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Electromagnetic Pulse (EMP)



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An electromagnetic pulse is a transient electromagnetic signal produced by a nuclear explosion in or above the Earth's atmosphere. Though not considered (directly) dangerous to people, the electromagnetic pulse (EMP) is a potential threat to many electronic signals.

In a typical nuclear detonation, parts of the shell casing and other materials are rapidly reduced to a very hot, compressed gas, which upon expansion gives rise to enormous amounts of mechanical and thermal energy. At the same time the nuclear reactions release a tremendous amount of energy as initial nuclear radiation (INR). This INR is in the form of rapidly-moving neutrons and high-energy electromagnetic radiation, called x-rays and prompt gamma rays. Roughly a minute after detonation, the radioactive decay of the fission products gives rise to additional gamma rays and electrons (or beta particles), known as residual nuclear radiation (RNR). The distribution of the total explosive energy of a hypothetical fission detonation in the atmosphere below an altitude of 6 miles (10 km) is 50% blast (mechanical), 35% thermal, 10% RNR, 5% INR. At higher altitudes where the air is less dense, the thermal energy increases and the blast (mechanical) energy decreases proportionally.



EMP is associated with the INR output, which is a small percentage of the total explosive energy. Nevertheless, EMP is still capable of transferring something of the order of 0.1 - 0.9 joule/m2 (0.007 - 0.06 ft-lbf/ft2) onto a collector, more than enough to cause upset or damage to normal semiconductor devices.

As prompt gamma rays move away from a high-altitude nuclear detonation, those gamma rays moving toward the Earth penetrate a more-dense region of the atmosphere called the source or depletion region. In this 6-mile (10-km) region, approximately 15 - 21 miles (25 - 35 km) above the Earth, the highly-energetic gamma rays interact with the air molecules to form Compton electrons (with energies starting at 1 MeV) and less-energetic gamma rays, which then proceed in the same general direction as the original gamma rays. The fast Compton electrons eventually slow down by stripping other electrons from the air molecules to form secondary electron-ion pairs. (Though these secondary electrons and ions don't contribute to the generation of the EMP, they do cause the region to become highly conductive, and therefore play an important role in determining the EMP wave shape and amplitude.) While slowing down, the very-intense, short-duration flux of Compton electrons is also deflected by the Earth's geomagnetic field. The Compton electrons then spiral about the geomagnetic lines, radiating electromagnetic energy in the form of EMP until they eventually recombine with local, positively-charged ions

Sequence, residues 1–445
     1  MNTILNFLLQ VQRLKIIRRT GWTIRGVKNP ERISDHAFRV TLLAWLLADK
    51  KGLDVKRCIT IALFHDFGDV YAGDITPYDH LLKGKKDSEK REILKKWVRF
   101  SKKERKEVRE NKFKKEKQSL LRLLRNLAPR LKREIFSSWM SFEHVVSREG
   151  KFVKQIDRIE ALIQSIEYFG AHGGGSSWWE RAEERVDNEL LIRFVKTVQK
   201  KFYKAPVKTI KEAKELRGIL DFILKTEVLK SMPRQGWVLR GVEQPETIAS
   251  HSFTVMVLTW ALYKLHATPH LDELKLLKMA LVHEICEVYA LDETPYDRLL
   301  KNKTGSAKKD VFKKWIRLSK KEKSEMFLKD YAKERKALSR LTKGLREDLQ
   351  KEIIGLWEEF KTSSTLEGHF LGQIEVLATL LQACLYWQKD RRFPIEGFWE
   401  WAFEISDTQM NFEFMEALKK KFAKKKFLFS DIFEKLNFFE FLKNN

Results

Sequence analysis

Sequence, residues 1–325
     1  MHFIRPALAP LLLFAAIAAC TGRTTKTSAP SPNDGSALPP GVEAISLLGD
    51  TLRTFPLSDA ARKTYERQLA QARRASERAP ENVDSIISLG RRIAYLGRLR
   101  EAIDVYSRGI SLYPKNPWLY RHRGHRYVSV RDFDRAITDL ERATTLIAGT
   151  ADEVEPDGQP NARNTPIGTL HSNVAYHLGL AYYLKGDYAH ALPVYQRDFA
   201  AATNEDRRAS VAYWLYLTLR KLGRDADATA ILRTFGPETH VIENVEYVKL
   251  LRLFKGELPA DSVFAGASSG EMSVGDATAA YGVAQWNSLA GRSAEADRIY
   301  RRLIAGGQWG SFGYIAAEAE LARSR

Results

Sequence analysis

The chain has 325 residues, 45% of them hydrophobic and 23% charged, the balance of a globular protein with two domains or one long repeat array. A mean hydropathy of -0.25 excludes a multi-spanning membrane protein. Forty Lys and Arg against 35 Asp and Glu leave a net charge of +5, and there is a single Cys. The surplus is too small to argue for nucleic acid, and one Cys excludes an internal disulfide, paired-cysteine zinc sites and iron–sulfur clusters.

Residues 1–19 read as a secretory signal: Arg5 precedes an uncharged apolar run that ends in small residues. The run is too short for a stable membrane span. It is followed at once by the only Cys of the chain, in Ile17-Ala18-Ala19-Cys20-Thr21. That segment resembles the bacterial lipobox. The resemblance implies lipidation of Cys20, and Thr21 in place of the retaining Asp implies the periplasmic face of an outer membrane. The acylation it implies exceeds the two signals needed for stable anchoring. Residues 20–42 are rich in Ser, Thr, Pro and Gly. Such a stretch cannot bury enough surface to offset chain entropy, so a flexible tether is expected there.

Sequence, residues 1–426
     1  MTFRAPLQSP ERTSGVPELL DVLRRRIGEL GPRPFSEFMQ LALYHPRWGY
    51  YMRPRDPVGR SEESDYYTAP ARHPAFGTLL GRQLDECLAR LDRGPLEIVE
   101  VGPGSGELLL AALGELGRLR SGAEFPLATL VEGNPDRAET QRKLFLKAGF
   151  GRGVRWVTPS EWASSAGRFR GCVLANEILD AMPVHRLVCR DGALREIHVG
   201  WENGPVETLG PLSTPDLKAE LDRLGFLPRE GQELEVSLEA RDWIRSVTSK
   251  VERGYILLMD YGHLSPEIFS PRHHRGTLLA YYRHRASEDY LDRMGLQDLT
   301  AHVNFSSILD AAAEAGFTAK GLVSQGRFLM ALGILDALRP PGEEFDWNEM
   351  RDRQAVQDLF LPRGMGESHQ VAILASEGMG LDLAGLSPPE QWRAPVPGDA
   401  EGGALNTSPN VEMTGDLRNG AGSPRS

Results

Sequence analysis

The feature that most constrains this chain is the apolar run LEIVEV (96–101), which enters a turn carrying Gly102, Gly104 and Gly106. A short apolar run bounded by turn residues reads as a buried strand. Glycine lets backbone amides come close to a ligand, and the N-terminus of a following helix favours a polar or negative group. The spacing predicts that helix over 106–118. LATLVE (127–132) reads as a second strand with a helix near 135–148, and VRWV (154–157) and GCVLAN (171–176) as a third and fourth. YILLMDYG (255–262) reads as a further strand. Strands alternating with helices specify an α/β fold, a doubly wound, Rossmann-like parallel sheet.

It's also possible for INR (both x-rays and gamma rays) to directly interact with systems, causing EMP signals internal to structures. This phenomenon has been called internal or system-generated EMP and is potentially a serious problem for satellites in orbit or for electronics in metallic enclosures on or near the ground. These forms of EMP are generated by x-rays interacting with satellites and gamma rays impinging on ground-based enclosures, producing currents of Compton electrons internally that then produce electromagnetic waves.

An estimate of about 1 joule (0.7 ft-lbf) of EMP-coupled energy is considered reasonable for many systems. Even if the coupling onto circuits is inefficient, as little as 10-13 J can upset some semiconductor devices and 10-6 J can cause damage. The potential for such upset and damage in critical electronic circuits has led to the incorporation of EMP protection in many system designs. The protection is most prevalent in communication systems whose disruption by EMP is considered an important civil and military vulnerability.

The most common form of protection incorporated in system designs is a combination of shielding and penetration control. The diagram below shows a protection scheme in which a system's electronics E is isolated from the external environment by one or more nested, shielded enclosures (often called Faraday cages). Penetration control is then maintained by minimizing the number of shield penetrations (in this case, a power line, a signal line, and a ground wire connecting E to earth ground G) and by applying terminal-protection devices, such as spark gaps, Zener diodes, or metal-oxide varistors, at selected shield-penetration points (A, A', A", B, B', and B"; or Z, Z', and Z"; or both). In this way, system protection can be designed not only for EMP but also for other electromagnetic transients (such as near-strike lightning and electromagnetic interference). Furthermore, cost-effective, field-maintainable protection can be achieved properly selecting off-the-shelf shielding techniques and terminal-protection devices and applying them to the systems.

Typical system protection scheme

above: Typical system protection scheme. Click here or image to enlarge.

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Updated: Sunday, 2008-08-17 14:29 PST